Doglioni, however, has publicly criticized the approach to seismic risk assessment followed by his own institute, as well as by most countries with an advanced seismic risk management3. In an August 2020, interviewed by the Italian TV show Presa Diretta, he said that the probabilistic approach is outdated and needs to be abandoned. Nature Italy requested comment from the INGV presidency through its press office, but it declined to comment until the internal validation process is completed.

Embracing the uncertainty

What matters most in the end is how the seismic model is translated into building codes, and experts point out that it is possible to maintain the scientific soundness of the original 2019 model without lowering safety standards. The key, once again, is uncertainty.

In Italy, engineers have to make sure that buildings can withstand the average ground acceleration that has a 10% probability to be exceeded over a period of 50 years. But the model outputs can be much richer. The map allows to consider a lower probability threshold, or to extend the time horizon, in order to account also for rarer earthquakes. And for each different choice, it computes a distribution of probabilities for different ground accelerations.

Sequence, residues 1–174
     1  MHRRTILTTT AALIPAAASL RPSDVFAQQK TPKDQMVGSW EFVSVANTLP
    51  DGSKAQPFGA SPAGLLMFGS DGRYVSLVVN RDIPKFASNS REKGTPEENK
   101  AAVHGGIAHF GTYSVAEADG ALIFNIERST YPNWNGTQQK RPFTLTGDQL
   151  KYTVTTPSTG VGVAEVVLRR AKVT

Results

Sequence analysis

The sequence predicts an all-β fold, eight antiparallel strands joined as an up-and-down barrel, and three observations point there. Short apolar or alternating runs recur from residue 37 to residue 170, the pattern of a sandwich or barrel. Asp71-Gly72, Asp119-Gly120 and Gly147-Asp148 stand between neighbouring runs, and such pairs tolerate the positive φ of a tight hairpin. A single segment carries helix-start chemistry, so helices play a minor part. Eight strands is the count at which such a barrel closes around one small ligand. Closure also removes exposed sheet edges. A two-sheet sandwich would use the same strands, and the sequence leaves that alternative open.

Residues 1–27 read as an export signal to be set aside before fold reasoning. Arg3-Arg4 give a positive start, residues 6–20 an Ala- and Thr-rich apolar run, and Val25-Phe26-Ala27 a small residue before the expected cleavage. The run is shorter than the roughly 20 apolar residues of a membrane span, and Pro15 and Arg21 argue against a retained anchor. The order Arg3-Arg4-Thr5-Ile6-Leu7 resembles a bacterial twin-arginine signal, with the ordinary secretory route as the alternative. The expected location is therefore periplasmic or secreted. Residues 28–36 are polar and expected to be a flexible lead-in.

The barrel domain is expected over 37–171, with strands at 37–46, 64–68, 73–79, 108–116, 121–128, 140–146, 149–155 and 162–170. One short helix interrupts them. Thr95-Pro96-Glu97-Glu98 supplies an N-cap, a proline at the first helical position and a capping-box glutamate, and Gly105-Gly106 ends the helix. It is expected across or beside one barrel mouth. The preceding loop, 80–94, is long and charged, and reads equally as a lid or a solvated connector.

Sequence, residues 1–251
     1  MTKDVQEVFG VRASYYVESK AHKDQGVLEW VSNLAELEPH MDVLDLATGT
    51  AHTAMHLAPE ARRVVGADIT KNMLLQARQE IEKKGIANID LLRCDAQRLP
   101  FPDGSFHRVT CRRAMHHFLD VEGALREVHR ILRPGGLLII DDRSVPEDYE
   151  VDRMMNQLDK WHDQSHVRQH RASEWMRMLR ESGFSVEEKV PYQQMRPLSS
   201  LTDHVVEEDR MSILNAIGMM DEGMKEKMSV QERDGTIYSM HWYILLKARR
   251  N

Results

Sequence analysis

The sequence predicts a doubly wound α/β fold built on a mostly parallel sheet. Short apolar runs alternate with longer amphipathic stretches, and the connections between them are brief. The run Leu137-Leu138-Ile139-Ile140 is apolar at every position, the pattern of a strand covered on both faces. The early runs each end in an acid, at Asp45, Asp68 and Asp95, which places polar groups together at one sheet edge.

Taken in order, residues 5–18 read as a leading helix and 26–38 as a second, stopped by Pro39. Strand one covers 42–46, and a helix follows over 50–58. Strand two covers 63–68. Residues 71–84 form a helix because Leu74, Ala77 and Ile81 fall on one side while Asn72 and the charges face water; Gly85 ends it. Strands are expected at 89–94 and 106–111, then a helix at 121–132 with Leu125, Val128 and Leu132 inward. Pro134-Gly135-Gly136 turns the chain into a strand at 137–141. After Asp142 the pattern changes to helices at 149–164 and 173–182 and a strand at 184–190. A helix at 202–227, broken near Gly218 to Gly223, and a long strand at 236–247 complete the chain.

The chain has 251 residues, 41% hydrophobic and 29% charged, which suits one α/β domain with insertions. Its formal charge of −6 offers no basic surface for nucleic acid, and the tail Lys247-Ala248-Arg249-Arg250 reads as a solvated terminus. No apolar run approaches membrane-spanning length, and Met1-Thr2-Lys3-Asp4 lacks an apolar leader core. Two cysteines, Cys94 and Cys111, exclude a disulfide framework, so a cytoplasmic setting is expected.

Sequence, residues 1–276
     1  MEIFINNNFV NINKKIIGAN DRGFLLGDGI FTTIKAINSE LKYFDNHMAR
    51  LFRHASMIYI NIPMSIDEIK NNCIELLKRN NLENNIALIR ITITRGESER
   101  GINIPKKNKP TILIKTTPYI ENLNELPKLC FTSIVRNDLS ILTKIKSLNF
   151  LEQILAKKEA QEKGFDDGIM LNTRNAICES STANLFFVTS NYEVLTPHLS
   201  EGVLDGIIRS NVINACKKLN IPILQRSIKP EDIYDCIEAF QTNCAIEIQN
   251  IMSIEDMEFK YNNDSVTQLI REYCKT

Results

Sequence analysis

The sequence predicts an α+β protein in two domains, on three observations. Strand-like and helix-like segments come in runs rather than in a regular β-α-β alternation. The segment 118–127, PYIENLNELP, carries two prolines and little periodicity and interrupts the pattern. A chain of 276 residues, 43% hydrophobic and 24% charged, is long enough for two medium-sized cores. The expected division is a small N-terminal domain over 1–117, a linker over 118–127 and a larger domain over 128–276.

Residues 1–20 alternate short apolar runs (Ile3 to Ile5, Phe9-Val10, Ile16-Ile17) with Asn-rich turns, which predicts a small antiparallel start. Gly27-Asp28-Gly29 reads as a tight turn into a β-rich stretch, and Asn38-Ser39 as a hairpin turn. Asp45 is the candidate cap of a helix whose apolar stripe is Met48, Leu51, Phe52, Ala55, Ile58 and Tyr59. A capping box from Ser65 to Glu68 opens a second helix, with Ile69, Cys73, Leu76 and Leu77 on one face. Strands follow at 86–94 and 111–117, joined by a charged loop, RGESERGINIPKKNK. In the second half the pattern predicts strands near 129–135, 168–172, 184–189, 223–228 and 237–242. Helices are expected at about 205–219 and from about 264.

If considering only the average value was justified by the lack of uncertainty estimates in the previous map, it is less clear now. Acknowledging the uncertainty would ease the disparity between the outputs of the new and old seismic hazard maps. “In areas where the model estimates of the peak ground acceleration come with great uncertainty, it would make sense to consider values higher than the average as a support to building design,” says Bazzurro. “This would favour a precautionary approach without touching the scientific basis of the model”.

“The new Italian map treats uncertainty very thoroughly”, comments Matt Gerstenberger, a seismologist at GNS Science in New Zealand who was a referee of the article where MPS19 was presented. “I was not aware about the recent changes in the model, and I hope that the entire evaluation, including this last step, is open and transparent,” he says.